It was Aaronfs job to look after the home and given that responsibility and the gleeful chance of being alone, he remained quite content.  Obviously, he was looking forward to managing the household by himself, driving any car he wished and generally living an existence without any supervision from his parents.

It still disturbed Norimi that he would be separated from Heidi – albeit for only 1 short day.  He forced a smile, affirmed that he would see her in Kiev at the airport. They exchanged their good-byes with a hug, and Norimi made his way toward the metal-detector for the departure gate with Vlad.   According to their itinerary, Vlad and Norimi would have a total of three flights. The first one was United Flight 16 bound for New York. At Kennedy International they transferred to Lufthansa Flight 407 bound for Frankfurt.  The last leg was Lufthansa Flight 3236 from Frankfurt to Borispol, Kiev International Airport.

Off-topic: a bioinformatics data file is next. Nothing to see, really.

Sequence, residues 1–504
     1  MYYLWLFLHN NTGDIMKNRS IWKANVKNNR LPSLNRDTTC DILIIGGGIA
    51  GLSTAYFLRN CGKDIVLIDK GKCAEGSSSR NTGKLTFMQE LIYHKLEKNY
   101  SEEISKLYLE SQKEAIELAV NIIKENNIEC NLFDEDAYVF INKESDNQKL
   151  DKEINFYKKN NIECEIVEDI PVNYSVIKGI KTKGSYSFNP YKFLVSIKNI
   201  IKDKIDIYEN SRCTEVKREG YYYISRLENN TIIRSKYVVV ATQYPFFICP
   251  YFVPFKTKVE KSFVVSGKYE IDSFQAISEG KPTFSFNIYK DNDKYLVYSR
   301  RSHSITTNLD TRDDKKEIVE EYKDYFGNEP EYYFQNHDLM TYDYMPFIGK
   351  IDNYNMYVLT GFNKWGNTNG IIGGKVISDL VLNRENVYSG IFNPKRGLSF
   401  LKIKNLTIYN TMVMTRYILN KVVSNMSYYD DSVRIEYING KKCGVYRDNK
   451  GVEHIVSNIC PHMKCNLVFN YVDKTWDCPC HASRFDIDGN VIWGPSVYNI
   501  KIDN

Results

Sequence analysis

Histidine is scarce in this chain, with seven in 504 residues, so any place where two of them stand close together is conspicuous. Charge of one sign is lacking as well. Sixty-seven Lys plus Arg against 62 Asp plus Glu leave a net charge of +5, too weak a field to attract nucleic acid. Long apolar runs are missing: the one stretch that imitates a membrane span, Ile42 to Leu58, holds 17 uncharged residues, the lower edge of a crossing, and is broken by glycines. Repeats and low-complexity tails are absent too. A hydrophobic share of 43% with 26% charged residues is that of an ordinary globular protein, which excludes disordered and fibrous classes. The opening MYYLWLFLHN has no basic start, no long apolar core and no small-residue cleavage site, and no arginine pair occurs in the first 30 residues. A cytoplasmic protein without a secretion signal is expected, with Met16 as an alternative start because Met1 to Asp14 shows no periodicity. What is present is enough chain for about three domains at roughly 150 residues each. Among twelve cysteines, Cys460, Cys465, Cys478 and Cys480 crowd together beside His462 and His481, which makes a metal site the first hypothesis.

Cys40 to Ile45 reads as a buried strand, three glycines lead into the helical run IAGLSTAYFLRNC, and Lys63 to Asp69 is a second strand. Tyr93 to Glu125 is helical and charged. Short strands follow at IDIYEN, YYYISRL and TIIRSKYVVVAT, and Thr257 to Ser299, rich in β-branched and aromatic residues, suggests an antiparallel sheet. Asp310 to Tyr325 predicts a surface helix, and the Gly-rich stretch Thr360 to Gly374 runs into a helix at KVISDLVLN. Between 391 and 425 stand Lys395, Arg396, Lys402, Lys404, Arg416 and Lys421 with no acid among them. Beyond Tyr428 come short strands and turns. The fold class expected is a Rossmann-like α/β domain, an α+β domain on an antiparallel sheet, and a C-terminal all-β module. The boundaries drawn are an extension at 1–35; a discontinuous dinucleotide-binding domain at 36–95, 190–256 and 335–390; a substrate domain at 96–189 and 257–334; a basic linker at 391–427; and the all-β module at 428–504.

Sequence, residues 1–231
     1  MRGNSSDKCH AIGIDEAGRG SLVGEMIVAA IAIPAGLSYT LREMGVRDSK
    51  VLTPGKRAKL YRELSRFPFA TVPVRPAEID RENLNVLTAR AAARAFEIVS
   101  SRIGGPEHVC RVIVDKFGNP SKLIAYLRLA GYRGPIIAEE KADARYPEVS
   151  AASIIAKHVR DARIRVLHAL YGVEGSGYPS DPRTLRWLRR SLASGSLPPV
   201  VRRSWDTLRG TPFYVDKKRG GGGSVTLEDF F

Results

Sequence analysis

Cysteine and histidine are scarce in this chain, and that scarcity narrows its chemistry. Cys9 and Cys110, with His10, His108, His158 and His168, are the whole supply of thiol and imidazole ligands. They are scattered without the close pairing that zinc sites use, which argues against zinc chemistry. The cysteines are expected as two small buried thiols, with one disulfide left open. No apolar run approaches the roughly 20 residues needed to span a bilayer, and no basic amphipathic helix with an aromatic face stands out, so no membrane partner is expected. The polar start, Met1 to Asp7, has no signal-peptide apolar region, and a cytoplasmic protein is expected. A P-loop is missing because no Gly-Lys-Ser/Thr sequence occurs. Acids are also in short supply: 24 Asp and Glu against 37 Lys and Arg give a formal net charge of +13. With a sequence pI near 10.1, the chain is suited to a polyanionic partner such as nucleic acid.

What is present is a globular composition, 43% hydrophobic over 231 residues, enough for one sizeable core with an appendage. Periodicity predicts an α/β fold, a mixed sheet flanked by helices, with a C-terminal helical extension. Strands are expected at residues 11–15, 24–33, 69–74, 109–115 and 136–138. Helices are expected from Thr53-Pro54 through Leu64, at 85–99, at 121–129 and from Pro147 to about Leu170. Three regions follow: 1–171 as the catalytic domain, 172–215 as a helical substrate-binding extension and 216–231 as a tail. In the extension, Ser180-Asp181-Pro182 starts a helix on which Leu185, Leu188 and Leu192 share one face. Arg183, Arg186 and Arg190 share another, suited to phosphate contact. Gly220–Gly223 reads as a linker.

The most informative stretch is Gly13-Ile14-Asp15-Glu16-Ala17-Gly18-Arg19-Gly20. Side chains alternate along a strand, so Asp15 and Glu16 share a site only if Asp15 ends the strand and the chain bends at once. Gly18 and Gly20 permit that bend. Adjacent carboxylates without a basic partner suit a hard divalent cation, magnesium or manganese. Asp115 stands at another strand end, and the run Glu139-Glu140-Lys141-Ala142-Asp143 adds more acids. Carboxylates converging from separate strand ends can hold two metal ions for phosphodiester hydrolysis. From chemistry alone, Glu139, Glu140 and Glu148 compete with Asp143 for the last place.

The flight in San Francisco departed on time at 08:00 AM. Four hours and fifty-five minutes later they landed in New York at 05:00 PM.  The flight was 30 minutes ahead of schedule. Transferring flights can be troublesome as one is never certain if the next connecting flight will be met on time. If their flight arrived on time there would have been only one hour and twenty minutes to catch the next flight – Norimi was fearful that the time was too short.  However, arriving ahead of schedule was certainly helpful – they now had plenty of time with which to make their way from the domestic gates to the international gates at Kennedy.  Norimi and Vlad, in fact spent more than 20 minutes walking from Terminal 7 to Terminal 1, including transportation using the monorail.  The walk was fortuitous - Vlad found extra time to shop at the duty free at the international terminal. Vlad, whose father is a heavy smoker, brought a couple cartons of gCamelh cigarettes.

Norimi, on the other hand, had finished his souvenir shopping the night before.  Two cartons of gCamels.h were already in his possession.  According to some of the guidebooks to Ukraine, one of the most welcomed souvenirs is a pack of American cigarettes.  He will learn during his trip that this is not always the case if the cigarettes are not appropriately presented.